Reader Bill Rosenfeld asked a frequent and timely question, which is the subject of today’s column. He wrote:
“I’ve heard varying advice about whether you need to change the cassette (rear gears) whenever it’s time to replace a worn-out chain. Do you have an opinion? I believe this is of interest to many as they get their spring tune-ups in preparation for the season.”
Publisher John Marsh and I both replied to Bill.
“No. A cassette should last through the life of multiple chains. It’s made of tougher materials and should go way, way beyond the life of one chain.
“Maybe Jim can provide a sort of ‘timeline’ guideline for it. But it really comes down to recognizing the wear on a cassette — which is going to vary from rider to rider based on style, conditions, mileage, etc.”
To which I added
“John’s right, Bill. It’s a common myth that you have to replace the cassette when you replace the chain. This has never been true. Unfortunately, some mechanics believe this and do this — and say you have to do this because another mechanic told them, and they believe it. But, it’s not true.
“You only need to replace a cassette if it is worn out. And typically, if you shift a lot, you would get about 3 chains out of 1 cassette. Of course, as John said, that varies with how and where you ride, and the conditions, but it’s a ballpark estimate that works for many riders.”
Tip: With the way chain and cassette prices have skyrocketed in recent years, you can save a bundle keeping that cassette until it’s truly worn out. Keeping your chain clean and lubed will extend the life of both.
The cassette test
There’s a surefire way to determine if you need a new cassette when you replace a chain. It’s by testing the cassette with the new chain on a short ride. First make absolutely certain that the new chain is installed correctly and there are no stiff links (because stiff links cause “skipping”).
Then go for a ride on a safe road or in a parking lot with little traffic because this test ride requires concentration and careful control of your bike. What you’re going to do is test to make sure that the chain does not “skip” on any of your cassette cogs.
When a chain skips, it means the cog is worn out and the teeth can’t hold the chain in place under strong pedaling pressure. Instead, the chain rides up and skips forward. This can make a loud “pop” or “bang,” and cause a loss of control as the pedal moves abruptly forward, surprising you. You might even crash. So, do the test holding onto the bars securely and with your weight back so you can’t go over the bars.
All you have to do is shift onto each cog and carefully apply strong/standing/sprinting power pressure on each cog on the cassette to make sure none is worn out. As long as the cassette passes this test, you do not need a new one.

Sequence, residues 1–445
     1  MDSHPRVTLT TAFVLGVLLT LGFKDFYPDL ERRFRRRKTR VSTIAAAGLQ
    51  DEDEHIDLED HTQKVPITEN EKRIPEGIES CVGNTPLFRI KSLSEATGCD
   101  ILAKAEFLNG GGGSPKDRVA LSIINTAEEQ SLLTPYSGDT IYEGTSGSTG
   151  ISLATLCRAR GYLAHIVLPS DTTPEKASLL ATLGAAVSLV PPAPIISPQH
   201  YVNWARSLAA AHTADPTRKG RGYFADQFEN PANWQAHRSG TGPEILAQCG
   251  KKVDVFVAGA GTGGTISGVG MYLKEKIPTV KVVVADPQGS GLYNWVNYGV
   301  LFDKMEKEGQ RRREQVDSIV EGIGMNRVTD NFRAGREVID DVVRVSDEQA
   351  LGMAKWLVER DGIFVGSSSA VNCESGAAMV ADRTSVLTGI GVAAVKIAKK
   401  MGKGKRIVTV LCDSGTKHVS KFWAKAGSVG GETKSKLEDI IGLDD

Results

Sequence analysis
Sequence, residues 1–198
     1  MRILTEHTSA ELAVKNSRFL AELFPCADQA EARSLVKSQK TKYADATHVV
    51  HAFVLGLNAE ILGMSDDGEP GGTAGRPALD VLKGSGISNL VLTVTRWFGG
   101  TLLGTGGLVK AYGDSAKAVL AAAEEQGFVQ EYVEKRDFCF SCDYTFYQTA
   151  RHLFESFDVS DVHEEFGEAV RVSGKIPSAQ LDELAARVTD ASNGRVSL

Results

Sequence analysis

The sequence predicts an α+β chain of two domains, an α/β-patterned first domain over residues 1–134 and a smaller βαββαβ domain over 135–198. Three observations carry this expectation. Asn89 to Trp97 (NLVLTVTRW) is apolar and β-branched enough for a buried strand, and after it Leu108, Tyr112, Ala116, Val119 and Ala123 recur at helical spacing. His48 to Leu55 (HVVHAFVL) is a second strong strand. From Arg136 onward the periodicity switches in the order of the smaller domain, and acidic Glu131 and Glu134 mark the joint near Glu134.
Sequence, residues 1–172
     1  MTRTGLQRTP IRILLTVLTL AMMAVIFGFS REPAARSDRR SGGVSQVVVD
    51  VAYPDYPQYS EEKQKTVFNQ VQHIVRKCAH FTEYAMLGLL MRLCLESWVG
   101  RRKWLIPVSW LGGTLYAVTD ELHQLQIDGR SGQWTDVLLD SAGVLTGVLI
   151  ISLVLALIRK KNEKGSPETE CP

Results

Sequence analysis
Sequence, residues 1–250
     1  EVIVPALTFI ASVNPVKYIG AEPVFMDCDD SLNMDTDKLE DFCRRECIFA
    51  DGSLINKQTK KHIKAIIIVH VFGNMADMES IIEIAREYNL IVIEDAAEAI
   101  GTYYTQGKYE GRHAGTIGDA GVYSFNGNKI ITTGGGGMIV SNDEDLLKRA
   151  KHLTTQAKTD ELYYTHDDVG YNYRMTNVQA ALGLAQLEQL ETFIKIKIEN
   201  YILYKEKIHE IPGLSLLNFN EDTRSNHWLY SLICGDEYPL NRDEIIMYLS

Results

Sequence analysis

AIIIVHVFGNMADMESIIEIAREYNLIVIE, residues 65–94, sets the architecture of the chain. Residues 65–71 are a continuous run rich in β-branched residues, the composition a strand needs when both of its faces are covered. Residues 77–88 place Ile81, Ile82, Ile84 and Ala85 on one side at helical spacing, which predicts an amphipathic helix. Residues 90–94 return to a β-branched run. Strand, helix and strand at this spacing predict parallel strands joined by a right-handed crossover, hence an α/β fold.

It’s easier to do the test on the small chainring, but you can do it on the large, too, if you prefer. If you have a cassette with large cogs for climbing, they usually have enough teeth that they don’t wear out. But, if you use them almost constantly, you can wear them out. So test them, too. You might do it on a hill where it will be easier to apply enough pedal power to make sure they won’t skip.
Tip: Like worn-out cogs, worn-out chainrings can skip, too, but that’s much rarer.
Rohloff’s cassette gauge
The reason this riding test is used is because it’s almost impossible to see cassette wear. But, there is at least one tool designed to help. It’s the Rohloff Cassette Checker. It wraps around each cog and gives you a way to gauge wear. I’ve tried it but still rely on test rides to ensure my cassettes are not worn out.
Explaining all this to your mechanic
After the exchange we had with Bill, he raised another interesting point. As a longtime shop mechanic, I gave him some more advice.
“Thanks to you both for the rapid and grounded response. It’s hard to argue with the guy in the bike shop, but this is good ammunition.”
“Your mechanic surely thinks he’s doing the right/best thing, Bill, because it sort of makes sense, or is logical that the chain and gears wear at the same rate. But, if you think about that concept, it doesn’t actually make sense. Because every rider uses their gears differently.
“A rider in Florida where it’s so flat only uses a few cogs versus someone in Colorado who has to face the tough, long climbs using all their gears. That rider who only uses one or two gears or maybe a few more is more likely to wear out individual cogs than the person shifting all the time. Yes, the chain is taking a beating but each cog not so much when you use most of your gears.
“Maybe if you explain this to the mechanic he’ll appreciate it, but maybe he will stick to what his mentor taught him. But, it’s wrong and can be proved by testing the cassette when you replace the chain. Unless you use a few cogs a whole lot the way you ride, the cassette will usually keep right on going. You could argue it’s not perfect anymore, but it doesn’t have to be perfect to shift and perform for a lot more miles.”